The question of whether investing in branding or marketing is the best option for your business has raged for many years. For me people are usually asking the wrong question, The better questions to ask are about the necessary outcomes desired and time frame. Essentially, can you play the long game or do you need some quick wins? If we are brutally honest with ourselves, for most of us the answer is probably a little of both. And in the present financial landscape, many are probably leaning more towards aiming for quicker, short-term wins. Knowing what you need to achieve in both the short and long-term timeframes will help decide what actions should be your primary focus.
These days branding and marketing are inexorably intertwined. Many business owners I speak to are not really able to state a clear distinction between the roles. My view is that they do share a great deal of common ground – but they approach the questions from very different perspectives.
I often explain branding in terms of reputation management. If you have a poor reputation then it is going to affect sales regardless of how good a job the marketing material does. If there is a disconnection or lack of trust in the brand itself, if the brand messaging is broken or the brand has been damaged by bad reviews or bad press – then the best marketing in the world will still struggle to win back the trust and belief of your audience.
Effective branding is about creating a relationship of trust so loyalty and repeat business becomes the norm. The most effective brands develop those customers to become advocates – so good branding translates to the conversation the public has about you. As Jeff Bezos, Founder and CEO of Amazon said it: “Your brand is what other people say about you when you’re not in the room.” And these days the biggest rooms are social media sites with their global reach. A bad review will travel the globe in seconds.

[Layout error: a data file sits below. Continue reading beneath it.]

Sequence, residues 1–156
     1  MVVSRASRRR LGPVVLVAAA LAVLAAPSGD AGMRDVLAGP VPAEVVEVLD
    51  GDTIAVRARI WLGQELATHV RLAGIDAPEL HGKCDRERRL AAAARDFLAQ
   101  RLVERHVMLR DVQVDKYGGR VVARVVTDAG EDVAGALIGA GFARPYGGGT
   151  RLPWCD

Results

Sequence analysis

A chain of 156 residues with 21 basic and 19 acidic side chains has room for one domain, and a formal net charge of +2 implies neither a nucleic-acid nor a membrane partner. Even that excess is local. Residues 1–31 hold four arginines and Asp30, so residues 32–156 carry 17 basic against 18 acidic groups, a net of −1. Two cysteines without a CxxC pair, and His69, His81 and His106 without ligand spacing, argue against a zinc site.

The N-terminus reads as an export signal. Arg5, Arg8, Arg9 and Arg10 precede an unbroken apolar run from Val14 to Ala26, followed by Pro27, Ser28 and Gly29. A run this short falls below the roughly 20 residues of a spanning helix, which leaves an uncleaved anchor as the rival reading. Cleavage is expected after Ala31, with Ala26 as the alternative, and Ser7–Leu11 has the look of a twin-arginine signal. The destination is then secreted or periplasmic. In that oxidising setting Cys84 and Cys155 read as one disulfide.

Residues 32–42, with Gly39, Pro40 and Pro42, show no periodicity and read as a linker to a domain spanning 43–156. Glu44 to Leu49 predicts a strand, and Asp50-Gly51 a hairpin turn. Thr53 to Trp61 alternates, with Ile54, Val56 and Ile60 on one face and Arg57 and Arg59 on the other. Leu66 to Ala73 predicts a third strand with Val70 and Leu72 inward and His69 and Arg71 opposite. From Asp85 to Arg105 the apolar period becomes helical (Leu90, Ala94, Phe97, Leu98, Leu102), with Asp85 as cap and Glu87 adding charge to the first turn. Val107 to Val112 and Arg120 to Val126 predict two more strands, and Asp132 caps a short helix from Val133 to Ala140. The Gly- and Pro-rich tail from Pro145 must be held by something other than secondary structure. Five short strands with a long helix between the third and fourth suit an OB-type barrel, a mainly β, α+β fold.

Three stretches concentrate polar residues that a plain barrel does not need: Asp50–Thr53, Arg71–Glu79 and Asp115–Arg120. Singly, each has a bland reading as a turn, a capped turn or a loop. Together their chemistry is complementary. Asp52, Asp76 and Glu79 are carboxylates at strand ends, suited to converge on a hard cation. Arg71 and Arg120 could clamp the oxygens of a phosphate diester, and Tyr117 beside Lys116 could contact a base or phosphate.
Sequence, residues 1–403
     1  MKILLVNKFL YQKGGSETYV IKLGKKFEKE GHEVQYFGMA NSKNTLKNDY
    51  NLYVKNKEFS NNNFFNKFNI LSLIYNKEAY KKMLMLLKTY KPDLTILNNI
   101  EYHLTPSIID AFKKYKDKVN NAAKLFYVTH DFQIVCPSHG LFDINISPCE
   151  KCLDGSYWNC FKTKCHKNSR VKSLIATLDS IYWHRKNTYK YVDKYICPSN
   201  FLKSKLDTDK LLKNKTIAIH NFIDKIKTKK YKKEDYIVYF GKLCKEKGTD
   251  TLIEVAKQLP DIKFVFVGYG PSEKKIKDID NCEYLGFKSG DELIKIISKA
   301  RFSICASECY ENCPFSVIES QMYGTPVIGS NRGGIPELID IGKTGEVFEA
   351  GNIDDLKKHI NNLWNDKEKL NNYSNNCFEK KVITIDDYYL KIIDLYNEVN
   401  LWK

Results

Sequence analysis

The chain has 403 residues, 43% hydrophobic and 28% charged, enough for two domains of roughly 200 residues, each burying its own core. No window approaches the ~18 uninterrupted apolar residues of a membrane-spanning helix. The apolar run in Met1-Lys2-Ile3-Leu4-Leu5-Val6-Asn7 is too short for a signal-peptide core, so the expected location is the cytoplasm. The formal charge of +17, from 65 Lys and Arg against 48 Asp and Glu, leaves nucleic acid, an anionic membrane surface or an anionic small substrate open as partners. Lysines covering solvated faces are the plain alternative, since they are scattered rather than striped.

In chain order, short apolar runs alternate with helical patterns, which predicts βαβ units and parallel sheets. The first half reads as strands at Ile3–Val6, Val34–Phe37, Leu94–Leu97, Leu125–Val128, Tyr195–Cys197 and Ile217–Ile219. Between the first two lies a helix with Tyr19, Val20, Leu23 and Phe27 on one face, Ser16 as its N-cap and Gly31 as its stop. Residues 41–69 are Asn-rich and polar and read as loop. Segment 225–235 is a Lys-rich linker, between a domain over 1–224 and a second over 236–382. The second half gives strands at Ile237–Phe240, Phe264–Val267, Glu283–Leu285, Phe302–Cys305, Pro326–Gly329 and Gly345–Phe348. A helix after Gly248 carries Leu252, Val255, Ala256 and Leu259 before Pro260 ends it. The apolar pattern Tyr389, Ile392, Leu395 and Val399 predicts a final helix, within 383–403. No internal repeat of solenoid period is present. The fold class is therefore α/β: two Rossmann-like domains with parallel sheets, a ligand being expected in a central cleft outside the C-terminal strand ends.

Marketing, on the other hand, in whatever form it takes, is the conversation your company has with present and potential clients. The modern consumer is very savvy and is inherently aware, and usually somewhat suspicious, about being marketed to.
Playing the short or the long game.
Marketing tends to be measured over much shorter periods of time than branding. We talk in terms of marketing campaigns – which can alter messaging and focus regularly. We tend to measure marketing in actions or sales, and the ROI is expected in relatively short timeframes. (ie. weeks and months).
Did campaign X deliver the expected results? With the desired increased website visitors completing purchases, an upturn in sales in region Y during/following our marketing or advertising activities? These are the type of metrics that every business is familiar with.
Alternatively, branding is about building a relationship of trust and confidence. Which by nature requires a longer timeframe. It’s a much longer process, more akin to dating. You take time to get to know one another. Building familiarity, trust and depth of relationship along the way. You wouldn’t ask someone to marry you on your first date, would you?
If you are looking to build a strong brand – or evaluate your brand position then ask yourself:
- Is the brand standing for (and expressing) a consistent message across all its communication channels?
- Does the brand ‘walk the talk’ – ie. does the company deliver on its brand positioning and promises?
- Are your customers’ experiences matched to the messaging? Always a key factor in building trust and loyalty with the audience.